Campus Location

Dallas Campus (Online)

Date of Award



Document Type



Educational Leadership

Degree Name

Doctor of Education

Committee Chair or Primary Advisor

Dr. Myron Pope

Second Committee Member or Secondary Advisor

Dr. Jennifer Butcher

Third Committee Member or Committee Reader

Dr. Simone Elias


This basic qualitative study examined the perceived factors that influenced African American male students’ persistence to acquire community college completion in the U.S. Southeast. It investigated the academic, cocurricular, and environmental intrinsic and extrinsic support systems of African American community college students who were successfully persisting toward degree obtainment. While the work highlights the challenges of these students as outlined in the published literature to frame their concerns, the study drew on Harper’s (2015) invitation to consider shifting the emphasis from Black male disadvantage to strategies that create an advantage using an antideficit framework. Harper’s (2010, 2012) antideficit achievement framework informed the study to document influential factors that aid African American male students in community college degree completion. One research question guided data collection via interviews: What are the perceived factors that influenced African American male students’ persistence to acquire community college completion in North Carolina? Examining the lived experiences of African American male students at a predominantly White community college provided awareness of the intrinsic and extrinsic support measures that may lead to successful academic outcomes for this student population. The 12 participants disclosed significant influences, leading to 3 categories or themes—Pursuing Achievement, Preparation Shift, and Engagement Influence—that emerged from analyzed data; these themes highlighted specific intrinsic and extrinsic support measures that enabled their successful academic outcomes. Recommended actions are provided to assist college-level educational organizations in designing strategies for keeping all African American male community college students on their degree-completion paths.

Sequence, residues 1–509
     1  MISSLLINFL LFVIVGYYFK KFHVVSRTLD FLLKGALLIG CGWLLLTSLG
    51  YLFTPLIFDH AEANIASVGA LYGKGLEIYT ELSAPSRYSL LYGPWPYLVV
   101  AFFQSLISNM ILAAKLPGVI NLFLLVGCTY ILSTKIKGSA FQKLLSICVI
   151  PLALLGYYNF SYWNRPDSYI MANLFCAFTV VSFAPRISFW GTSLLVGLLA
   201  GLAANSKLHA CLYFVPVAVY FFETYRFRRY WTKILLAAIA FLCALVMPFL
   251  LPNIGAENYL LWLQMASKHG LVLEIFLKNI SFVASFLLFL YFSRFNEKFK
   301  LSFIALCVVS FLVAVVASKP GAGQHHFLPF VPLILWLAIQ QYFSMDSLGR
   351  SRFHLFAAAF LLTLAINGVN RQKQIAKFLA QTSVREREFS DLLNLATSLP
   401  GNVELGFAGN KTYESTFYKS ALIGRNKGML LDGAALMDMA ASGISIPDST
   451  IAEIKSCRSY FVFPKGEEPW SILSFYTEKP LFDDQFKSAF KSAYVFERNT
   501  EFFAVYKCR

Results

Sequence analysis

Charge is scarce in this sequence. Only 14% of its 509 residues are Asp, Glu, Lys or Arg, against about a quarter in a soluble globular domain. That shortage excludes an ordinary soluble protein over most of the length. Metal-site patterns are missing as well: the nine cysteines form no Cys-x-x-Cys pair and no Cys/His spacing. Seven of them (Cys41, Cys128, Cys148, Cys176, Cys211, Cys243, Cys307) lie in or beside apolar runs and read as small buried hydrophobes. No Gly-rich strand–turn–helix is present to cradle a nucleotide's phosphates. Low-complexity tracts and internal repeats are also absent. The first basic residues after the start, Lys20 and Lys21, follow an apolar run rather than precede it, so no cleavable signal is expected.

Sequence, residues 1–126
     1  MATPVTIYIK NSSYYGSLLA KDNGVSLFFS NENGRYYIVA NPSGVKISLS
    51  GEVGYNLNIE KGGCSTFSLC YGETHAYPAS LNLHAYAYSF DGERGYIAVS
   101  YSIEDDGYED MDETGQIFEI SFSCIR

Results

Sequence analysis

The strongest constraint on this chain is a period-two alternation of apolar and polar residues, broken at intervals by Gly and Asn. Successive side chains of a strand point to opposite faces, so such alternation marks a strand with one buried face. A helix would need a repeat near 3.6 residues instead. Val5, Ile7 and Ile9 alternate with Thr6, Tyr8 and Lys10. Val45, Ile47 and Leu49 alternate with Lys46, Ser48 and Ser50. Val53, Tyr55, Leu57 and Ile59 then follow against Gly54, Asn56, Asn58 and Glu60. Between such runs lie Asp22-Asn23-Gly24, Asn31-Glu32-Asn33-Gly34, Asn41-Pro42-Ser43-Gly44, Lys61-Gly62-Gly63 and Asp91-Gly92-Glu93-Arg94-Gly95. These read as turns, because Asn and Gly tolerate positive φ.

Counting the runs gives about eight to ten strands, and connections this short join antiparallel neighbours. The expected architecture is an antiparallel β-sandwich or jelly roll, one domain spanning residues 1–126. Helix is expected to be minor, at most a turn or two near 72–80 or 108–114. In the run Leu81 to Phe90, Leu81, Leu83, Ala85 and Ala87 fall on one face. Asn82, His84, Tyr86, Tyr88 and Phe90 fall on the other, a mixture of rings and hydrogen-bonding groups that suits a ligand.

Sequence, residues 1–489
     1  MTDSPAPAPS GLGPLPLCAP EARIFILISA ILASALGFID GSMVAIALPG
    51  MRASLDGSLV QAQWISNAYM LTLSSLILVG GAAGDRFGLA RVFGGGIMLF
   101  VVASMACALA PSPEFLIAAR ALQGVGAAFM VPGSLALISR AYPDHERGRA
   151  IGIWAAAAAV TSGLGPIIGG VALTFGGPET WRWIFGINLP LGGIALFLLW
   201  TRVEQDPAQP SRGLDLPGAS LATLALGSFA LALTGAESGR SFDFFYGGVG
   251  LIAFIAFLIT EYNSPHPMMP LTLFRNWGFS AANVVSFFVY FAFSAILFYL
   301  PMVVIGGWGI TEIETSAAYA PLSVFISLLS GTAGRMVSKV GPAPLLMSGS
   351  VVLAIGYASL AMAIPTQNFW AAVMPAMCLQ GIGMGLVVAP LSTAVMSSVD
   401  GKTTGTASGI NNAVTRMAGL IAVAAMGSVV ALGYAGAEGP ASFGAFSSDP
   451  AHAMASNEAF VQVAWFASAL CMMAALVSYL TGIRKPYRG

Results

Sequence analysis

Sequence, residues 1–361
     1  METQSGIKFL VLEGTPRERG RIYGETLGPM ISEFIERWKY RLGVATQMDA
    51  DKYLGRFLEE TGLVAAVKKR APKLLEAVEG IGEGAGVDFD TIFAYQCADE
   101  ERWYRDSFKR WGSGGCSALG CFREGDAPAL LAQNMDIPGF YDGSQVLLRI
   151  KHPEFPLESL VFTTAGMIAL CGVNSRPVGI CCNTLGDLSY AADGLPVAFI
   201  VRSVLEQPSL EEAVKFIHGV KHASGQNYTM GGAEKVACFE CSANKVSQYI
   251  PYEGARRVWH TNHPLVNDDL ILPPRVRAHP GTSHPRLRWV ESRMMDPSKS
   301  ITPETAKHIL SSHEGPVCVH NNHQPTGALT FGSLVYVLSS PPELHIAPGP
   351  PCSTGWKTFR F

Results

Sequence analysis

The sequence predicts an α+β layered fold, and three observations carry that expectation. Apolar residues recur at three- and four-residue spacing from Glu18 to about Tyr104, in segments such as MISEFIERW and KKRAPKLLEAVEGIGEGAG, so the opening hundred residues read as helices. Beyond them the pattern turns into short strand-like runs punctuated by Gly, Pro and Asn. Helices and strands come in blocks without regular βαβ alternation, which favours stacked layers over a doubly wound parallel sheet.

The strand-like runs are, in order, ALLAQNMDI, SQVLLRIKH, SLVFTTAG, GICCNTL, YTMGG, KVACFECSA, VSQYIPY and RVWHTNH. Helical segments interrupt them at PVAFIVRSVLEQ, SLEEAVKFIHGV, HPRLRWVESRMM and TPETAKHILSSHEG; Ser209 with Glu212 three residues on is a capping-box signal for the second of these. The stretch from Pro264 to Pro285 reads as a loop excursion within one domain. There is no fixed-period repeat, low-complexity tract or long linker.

Creative Commons License

Creative Commons License
This work is licensed under a Creative Commons Attribution-Noncommercial-No Derivative Works 4.0 License.



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